Checking the EPA: Reviewing overreach
The prospects for reining in the Obama administration's out-of-control Environmental Protection Agency are brighter because the U.S. Supreme Court will consider whether it has overstepped the authority to regulate “greenhouse gases” it was granted by the justices in 2007's Massachusetts v. EPA .
That ruling said the EPA had Clean Air Act authority to limit vehicles' emissions as a health hazard. Two years later, the EPA decided that ruling also meant it could regulate emissions from stationary sources, such as power plants and factories. (Is your home hearth next?) Last week, the justices said they'll review a unanimous federal appellate court ruling upholding the EPA's interpretation.
Environmentalists are relieved that the justices won't consider reversing their 2007 ruling or overruling the EPA's labeling of greenhouse gases as health hazards. But opponents of the EPA's ever-expanding reach see an opportunity to curb a noxious trend.
This Supreme Court review “arguably opens the door to whether EPA can regulate greenhouse gases from stationary sources at all,” a lawyer for business groups involved in the case told The Associated Press.
Hopefully, the justices will agree that the EPA's overreaching attempt to regulate power plant and factory greenhouse gases — counter to congressional intent, burdening industry, consumers and the economy as a whole and driven more by leftist anti-growth politics than by genuine science — has no legal leg to stand on.
Show commenting policy
TribLive commenting policy
You are solely responsible for your comments and by using TribLive.com you agree to our Terms of Service.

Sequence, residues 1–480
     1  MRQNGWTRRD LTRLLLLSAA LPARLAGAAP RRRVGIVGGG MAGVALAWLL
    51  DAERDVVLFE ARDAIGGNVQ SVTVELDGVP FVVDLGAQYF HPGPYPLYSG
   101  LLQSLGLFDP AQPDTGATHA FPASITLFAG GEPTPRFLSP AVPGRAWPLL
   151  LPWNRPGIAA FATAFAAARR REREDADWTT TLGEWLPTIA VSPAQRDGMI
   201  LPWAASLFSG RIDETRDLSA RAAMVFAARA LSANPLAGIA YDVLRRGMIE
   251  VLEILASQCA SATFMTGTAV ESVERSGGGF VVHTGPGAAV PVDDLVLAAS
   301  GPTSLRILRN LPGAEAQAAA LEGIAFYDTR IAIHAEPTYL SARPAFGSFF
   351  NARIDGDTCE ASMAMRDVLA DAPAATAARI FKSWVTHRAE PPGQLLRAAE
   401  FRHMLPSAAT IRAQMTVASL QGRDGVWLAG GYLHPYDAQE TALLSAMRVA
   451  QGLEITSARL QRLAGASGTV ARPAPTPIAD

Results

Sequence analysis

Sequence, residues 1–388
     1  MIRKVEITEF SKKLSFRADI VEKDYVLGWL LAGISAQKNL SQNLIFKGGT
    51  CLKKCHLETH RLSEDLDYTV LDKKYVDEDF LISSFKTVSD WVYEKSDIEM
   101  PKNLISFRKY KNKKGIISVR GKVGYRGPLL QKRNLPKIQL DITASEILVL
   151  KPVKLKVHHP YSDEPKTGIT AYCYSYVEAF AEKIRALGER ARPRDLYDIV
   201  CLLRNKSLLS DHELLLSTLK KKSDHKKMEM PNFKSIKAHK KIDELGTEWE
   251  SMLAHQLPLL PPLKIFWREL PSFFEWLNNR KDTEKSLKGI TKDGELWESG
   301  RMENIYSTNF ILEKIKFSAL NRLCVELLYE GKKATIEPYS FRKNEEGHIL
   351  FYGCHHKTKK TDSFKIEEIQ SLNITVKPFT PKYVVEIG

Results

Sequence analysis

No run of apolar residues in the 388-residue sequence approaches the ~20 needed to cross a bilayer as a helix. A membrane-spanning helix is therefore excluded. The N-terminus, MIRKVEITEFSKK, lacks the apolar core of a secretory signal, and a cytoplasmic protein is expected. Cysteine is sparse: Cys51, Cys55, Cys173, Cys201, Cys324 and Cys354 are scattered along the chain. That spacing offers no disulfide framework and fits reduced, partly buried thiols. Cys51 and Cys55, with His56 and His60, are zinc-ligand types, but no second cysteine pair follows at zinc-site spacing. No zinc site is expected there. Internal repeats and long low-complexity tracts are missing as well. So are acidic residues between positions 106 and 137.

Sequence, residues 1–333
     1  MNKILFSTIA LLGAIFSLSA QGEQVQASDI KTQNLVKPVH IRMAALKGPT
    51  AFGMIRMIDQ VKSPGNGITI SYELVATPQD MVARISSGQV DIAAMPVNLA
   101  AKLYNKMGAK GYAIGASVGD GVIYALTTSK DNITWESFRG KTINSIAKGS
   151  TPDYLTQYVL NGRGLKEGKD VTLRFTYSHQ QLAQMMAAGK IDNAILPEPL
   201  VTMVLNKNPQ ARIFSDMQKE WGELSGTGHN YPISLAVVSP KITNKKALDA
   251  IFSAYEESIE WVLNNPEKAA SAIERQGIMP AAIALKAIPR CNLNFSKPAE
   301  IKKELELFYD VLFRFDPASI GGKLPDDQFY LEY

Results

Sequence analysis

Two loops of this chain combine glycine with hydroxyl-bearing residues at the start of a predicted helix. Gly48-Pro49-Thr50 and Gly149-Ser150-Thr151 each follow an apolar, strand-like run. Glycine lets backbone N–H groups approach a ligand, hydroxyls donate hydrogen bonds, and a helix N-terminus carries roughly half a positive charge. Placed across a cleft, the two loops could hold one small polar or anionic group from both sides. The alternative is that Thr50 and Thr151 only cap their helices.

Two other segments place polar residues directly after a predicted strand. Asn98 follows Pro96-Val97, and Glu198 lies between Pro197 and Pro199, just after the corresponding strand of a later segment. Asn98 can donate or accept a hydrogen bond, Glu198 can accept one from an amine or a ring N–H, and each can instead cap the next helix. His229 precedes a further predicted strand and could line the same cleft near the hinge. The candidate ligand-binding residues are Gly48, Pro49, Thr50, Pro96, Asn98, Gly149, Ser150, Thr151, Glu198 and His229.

We moderate comments. Our goal is to provide substantive commentary for a general readership. By screening submissions, we provide a space where readers can share intelligent and informed commentary that enhances the quality of our news and information.
While most comments will be posted if they are on-topic and not abusive, moderating decisions are subjective. We will make them as carefully and consistently as we can. Because of the volume of reader comments, we cannot review individual moderation decisions with readers.
We value thoughtful comments representing a range of views that make their point quickly and politely. We make an effort to protect discussions from repeated comments either by the same reader or different readers.
We follow the same standards for taste as the daily newspaper. A few things we won't tolerate: personal attacks, obscenity, vulgarity, profanity (including expletives and letters followed by dashes), commercial promotion, impersonations, incoherence, proselytizing and SHOUTING. Don't include URLs to Web sites.
We do not edit comments. They are either approved or deleted. We reserve the right to edit a comment that is quoted or excerpted in an article. In this case, we may fix spelling and punctuation.
We welcome strong opinions and criticism of our work, but we don't want comments to become bogged down with discussions of our policies and we will moderate accordingly.
We appreciate it when readers and people quoted in articles or blog posts point out errors of fact or emphasis and will investigate all assertions. But these suggestions should be sent via e-mail. To avoid distracting other readers, we won't publish comments that suggest a correction. Instead, corrections will be made in a blog post or in an article.
- Saturday essay: The picking question
- Revolving doors: Self-protection
- Opening the Armstrong County locks: Get the job done
- Carnegie Free Library’s advocate: A role model & more
- Greensburg Laurels & Lances
- Recasting the EPA: Devolving power to the states
- Islamic State threat: Lessons from 9/11
- Alle-Kiski Laurels & Lances
- James Foley, 1973-2014: Fighting on